Saturday in Tokyo
Posted on 2013/03/02 19:42:28 (March 2013).
[Saturday 2nd March 2013]
We landed in Tokyo around 10am. It took us a bit longer than usual to get off the plane as we had to wait a bit for the buggy, which they handed back to us at the gate. This meant everybody else had headed to immigration before us, and so we arrived to quite a large queue. Fortunately though as we were travelling as a family, and we are 50% Japanese overall, they let us go through a different lane - and in fact we ended up directed into the lane for diplomatic officials, which I found quite exciting (although in practice it wasn't any different to the other lanes). It seemed appropriate for a VIP like Erika's first time to arrive in Japan.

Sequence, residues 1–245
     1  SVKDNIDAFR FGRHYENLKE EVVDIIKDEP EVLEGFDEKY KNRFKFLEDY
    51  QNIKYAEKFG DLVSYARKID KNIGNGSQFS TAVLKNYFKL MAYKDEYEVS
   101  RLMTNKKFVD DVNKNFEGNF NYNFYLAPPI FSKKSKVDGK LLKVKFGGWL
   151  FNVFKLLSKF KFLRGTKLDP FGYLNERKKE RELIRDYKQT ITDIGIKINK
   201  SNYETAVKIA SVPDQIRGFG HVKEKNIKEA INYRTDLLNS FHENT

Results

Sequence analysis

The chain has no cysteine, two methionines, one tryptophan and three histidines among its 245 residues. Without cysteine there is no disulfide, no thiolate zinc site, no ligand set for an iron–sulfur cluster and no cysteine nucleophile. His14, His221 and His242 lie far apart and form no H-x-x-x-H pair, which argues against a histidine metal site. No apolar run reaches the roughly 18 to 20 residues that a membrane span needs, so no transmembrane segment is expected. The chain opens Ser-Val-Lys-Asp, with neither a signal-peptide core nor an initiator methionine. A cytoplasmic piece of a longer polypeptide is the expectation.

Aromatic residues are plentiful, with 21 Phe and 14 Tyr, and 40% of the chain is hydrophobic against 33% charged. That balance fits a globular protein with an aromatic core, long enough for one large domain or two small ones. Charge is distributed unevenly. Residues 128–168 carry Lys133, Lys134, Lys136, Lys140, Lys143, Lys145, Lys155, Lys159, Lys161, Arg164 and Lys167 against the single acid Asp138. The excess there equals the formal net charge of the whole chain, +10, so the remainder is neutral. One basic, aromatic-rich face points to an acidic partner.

We hung around in the airport a little while to repack our luggage a bit - so we could send a suitcase directly to Hiroshima. This made our ridiculous fleet of wheely bags, cases and of course the buggy slightly more manageable - at least now we had four wheely things and four hands. I also changed a bit of money - the exchange rates for GBP-JPY on offer in Narita were slightly better than they'd been in Heathrow, and I generally felt less loathed to give them my money. Better still they had a machine here, which rather impressively I could feed pounds into, and get yen out of. Although that did make for the slightly demoralising experience of thinking about how much I'd be able to buy in the UK with each note I fed in, and how little I could do with each note I got in return. Oh well, it's only money.